Neither discussions about perspectives, nor the insights of philosophy, can tell me how true my internal representations of the world are, but neurological studies seem to suggest that the outside world is unknowable as it is. Epistemology should, therefore, become a central concern of thinking about organisations and management. However, many approaches to management never address epistemology: these approaches assume the world is ‘out there’ and more-or-less as it appears.
"Recognising that the world is unknowable presents me with a choice. How do I make sense of day-to-day observations and events that seem to emerge from it? Once I become aware of this unknowability I am confronted with – and need to make – my own choice. Options seem to cluster around three main poles.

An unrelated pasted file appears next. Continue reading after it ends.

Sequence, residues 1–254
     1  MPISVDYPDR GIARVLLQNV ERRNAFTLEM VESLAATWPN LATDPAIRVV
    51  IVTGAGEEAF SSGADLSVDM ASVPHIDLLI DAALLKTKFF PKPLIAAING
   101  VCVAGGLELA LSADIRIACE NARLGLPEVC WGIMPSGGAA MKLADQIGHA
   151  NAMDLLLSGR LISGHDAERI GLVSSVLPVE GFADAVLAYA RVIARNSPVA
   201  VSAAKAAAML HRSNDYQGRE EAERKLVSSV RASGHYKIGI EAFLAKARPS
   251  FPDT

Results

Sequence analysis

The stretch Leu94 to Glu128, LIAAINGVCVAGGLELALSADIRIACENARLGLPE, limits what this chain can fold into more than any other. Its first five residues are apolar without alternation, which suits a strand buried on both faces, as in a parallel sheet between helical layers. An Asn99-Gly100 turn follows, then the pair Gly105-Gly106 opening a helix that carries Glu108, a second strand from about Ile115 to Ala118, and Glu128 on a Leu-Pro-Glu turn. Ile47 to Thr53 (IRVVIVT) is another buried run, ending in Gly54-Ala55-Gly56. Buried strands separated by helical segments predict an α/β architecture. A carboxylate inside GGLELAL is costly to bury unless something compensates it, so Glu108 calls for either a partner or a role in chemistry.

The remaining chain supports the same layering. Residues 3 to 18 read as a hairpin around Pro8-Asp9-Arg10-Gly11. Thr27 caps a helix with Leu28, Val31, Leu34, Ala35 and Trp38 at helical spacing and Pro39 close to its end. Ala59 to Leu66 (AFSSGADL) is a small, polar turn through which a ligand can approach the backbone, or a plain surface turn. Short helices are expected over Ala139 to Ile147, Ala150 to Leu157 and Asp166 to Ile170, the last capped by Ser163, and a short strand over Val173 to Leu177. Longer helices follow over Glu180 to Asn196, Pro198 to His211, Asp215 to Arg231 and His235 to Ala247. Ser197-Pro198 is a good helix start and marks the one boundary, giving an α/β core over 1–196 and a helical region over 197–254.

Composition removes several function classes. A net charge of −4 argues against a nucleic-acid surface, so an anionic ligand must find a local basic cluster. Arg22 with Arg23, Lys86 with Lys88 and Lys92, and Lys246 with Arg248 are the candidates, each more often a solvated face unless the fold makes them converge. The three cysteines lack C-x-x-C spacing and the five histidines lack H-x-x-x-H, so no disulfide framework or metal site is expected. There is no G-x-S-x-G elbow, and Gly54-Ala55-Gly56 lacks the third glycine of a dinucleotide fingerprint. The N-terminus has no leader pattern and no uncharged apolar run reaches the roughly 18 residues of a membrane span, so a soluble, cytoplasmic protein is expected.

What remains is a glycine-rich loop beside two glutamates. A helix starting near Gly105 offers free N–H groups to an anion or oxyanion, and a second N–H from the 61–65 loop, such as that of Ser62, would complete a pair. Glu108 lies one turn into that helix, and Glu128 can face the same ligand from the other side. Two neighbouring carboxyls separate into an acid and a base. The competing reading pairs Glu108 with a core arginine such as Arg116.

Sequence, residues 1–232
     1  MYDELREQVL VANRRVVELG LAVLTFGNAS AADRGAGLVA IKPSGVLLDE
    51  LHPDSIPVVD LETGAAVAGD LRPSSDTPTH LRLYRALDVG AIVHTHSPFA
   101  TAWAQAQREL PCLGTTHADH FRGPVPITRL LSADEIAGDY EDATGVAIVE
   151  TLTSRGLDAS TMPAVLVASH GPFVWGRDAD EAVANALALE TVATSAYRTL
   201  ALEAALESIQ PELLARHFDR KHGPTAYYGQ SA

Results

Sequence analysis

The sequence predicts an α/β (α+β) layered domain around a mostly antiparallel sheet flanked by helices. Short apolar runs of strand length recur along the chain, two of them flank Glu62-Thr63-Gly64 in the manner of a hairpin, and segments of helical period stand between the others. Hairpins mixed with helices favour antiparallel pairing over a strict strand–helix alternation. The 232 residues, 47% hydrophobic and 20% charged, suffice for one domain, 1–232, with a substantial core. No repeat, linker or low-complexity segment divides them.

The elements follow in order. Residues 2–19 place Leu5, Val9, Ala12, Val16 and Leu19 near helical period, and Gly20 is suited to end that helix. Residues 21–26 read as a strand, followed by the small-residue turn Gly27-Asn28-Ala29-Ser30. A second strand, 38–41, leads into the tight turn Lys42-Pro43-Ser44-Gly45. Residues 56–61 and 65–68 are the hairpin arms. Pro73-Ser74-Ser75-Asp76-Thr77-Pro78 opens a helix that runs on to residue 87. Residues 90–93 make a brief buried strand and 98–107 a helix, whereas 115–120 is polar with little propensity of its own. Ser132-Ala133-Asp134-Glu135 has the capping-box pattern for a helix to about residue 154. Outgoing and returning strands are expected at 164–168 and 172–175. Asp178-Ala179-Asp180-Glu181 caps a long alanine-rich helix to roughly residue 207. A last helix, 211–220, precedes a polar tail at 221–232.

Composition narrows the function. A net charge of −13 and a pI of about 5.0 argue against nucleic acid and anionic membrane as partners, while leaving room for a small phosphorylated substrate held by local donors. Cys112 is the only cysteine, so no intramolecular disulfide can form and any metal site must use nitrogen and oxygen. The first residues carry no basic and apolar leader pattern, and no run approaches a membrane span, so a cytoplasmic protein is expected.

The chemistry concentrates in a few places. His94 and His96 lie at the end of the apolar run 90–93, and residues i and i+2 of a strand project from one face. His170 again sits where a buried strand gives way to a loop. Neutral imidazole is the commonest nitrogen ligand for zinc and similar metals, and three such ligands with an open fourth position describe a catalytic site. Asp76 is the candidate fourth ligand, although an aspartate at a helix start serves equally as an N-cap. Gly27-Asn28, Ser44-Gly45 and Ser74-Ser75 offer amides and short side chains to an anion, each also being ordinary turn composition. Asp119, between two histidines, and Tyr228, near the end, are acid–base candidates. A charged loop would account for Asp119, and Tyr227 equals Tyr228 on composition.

Whatever stance I choose to adopt, being aware of the epistemological issues increases my range of options-for-action. It means that I can change the issue I perceive by changing the way I think about it. This isn’t the same as saying I can see the situation in whatever way I choose. If I understand some of the things that influence how I see the situation, then I can take steps to reduce the limitations of my view. I can also extend the range of possibilities I might see through alternative perspectives."
Rosalind Armson in Growing Wings on the Way
Credits and references:
Rosalind Armson - Growing Wings on the Way